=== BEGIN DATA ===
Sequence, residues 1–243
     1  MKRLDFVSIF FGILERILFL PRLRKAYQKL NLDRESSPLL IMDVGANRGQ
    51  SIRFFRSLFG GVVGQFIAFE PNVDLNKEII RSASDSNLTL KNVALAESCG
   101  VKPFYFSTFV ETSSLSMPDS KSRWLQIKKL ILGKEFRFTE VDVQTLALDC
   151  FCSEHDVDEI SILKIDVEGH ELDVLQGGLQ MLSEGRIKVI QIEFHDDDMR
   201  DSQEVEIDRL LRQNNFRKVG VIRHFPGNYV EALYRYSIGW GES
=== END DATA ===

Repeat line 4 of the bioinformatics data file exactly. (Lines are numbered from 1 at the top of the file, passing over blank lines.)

   101  VKPFYFSTFV ETSSLSMPDS KSRWLQIKKL ILGKEFRFTE VDVQTLALDC